In 1987, she moved to Tokyo. The success of her first exhibition led to a second show, which was sponsored by Television Tokyo and the Chinese Embassy. Other shows soon followed, e.g., at the Sogo Group department store galleries in Yokohama and seven other cities. In 1990, a further series of exhibitions (also sponsored by the Sogo Group) considerably enlarged the circle of her admirers and collectors, leading to the 1991 establishment of the Lou Zhenggang Sponsorship Committee, headed by two former prime ministers (Nakasone and Takeshita), a renowned artist and several leading bankers and industrialists. In 1991, she launched a two-year series of exhibitions held across Japan, entitled “Oriental Melody — Lou Zhenggang Calligraphy and Paintings”, sponsored by the Yamaha Group. In 1993, she traveled to the U.S. for the first time, presenting a gift of 22 color paintings to UNICEF. The United Nations later issued a “first day cover” stamp issue featuring Lou’s work. In May 1993, she held an exhibition at the art gallery inside the main Mitsukoshi store in Nihonbashi, one of the most prestigious venues in Japan. Noted painter Matazo Kayama commented on the show, “Lou…leaves behind her reputation as a child prodigy and steps into a new role as a brilliant young female artist.” Another artist, Goro Koyama, called her “…a genius chosen from among 1.2 billion Chinese.”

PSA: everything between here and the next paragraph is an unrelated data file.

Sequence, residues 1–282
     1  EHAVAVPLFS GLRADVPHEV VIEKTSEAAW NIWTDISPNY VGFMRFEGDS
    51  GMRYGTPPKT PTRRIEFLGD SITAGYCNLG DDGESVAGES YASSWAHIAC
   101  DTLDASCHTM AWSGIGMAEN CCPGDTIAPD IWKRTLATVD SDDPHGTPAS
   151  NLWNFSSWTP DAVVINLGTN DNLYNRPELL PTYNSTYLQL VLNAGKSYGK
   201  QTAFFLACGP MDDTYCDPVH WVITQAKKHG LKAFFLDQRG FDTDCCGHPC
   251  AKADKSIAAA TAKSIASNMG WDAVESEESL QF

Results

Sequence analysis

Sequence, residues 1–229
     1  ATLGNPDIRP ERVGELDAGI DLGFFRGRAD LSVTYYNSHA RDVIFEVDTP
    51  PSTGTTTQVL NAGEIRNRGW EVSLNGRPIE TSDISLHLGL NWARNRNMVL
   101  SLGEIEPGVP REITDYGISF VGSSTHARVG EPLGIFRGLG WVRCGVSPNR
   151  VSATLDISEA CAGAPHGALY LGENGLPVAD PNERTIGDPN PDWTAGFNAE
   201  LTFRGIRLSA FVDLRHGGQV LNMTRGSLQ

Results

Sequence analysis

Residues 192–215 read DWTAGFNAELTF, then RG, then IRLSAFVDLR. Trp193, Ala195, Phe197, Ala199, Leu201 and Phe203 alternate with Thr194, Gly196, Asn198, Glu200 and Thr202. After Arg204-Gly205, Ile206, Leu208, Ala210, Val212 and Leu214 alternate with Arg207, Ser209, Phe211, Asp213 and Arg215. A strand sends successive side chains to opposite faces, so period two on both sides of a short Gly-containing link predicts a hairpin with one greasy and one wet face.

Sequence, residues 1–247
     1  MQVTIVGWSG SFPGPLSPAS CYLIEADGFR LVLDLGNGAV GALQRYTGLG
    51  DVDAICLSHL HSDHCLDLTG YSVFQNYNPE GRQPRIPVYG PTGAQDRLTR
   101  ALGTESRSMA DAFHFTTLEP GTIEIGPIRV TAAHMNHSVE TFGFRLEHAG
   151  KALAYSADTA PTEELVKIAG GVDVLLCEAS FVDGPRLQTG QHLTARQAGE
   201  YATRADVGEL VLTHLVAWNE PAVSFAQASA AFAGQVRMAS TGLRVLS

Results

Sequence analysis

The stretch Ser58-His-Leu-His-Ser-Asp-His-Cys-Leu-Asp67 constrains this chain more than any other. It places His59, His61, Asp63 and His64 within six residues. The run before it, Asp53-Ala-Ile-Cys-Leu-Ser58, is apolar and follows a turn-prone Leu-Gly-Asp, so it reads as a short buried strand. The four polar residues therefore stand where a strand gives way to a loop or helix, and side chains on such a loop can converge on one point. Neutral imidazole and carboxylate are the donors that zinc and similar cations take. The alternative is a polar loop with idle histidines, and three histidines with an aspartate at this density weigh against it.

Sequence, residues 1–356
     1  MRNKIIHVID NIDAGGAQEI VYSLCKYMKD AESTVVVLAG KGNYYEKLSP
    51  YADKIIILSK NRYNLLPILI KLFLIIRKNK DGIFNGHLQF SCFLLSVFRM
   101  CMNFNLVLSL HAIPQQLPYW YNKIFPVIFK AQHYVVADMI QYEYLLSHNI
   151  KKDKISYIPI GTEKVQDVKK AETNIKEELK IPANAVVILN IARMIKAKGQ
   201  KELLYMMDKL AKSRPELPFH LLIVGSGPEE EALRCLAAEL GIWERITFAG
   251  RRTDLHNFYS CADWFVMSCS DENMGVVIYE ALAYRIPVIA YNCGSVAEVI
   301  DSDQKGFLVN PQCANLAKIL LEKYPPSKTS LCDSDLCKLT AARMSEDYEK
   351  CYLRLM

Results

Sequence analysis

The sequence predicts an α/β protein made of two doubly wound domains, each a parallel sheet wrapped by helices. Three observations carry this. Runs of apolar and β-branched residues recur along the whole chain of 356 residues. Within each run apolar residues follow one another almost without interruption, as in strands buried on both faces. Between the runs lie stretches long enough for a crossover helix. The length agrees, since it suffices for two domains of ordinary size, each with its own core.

Lou began to study calligraphy with her father, Lou De Ping, at the age of three. At twelve, she was recognized by the national government as an “exceptionally gifted child.” As a certified child prodigy, she received special permission to enroll years early at the Central Academy of Fine Art, where she was taught by masters of calligraphy and ink painting. In 1980, she won first prize at the National Youth Calligraphy Exhibition in China, and one year later was elected a member of the Chinese Calligrapher’s Association. At the age of 14, she was the youngest-ever participant in the Australian-sponsored International Calligraphy Competition, and at 16 she won the Chinese National Calligraphy Competition. In the mid-1980s, she attended Beijing University. In 1985, Hong Kong TV broadcast a documentary about her life and her work. With the support of her government, she traveled to Japan in 1986 and held her first exhibition there, at the Yaesu Gallery in Tokyo.
Lou Zhenggang (婁正綱, pronounced “Lo Jeng Gong” in English, “Ro Sei Ko” in Japanese; born July 8, 1966 in Heilongjiang, China) is a prominent contemporary Chinese artist. Trained in calligraphy from an early age, she attained national fame as a child prodigy, was sent to a government-sponsored fine arts academy and trained by China’s masters of calligraphy and ink painting. She won numerous competitions and exhibited both at home and abroad. At the age of 20, Lou moved to Japan, where she soon had several highly acclaimed exhibitions, wrote illustrated columns for prominent local magazines and was featured regularly on a national television program for three years. Though Ms. Lou’s work is best known in China and Japan, it has been shown in Paris and New York and is held in numerous collections, both public and private. She continues to live and work in Tokyo.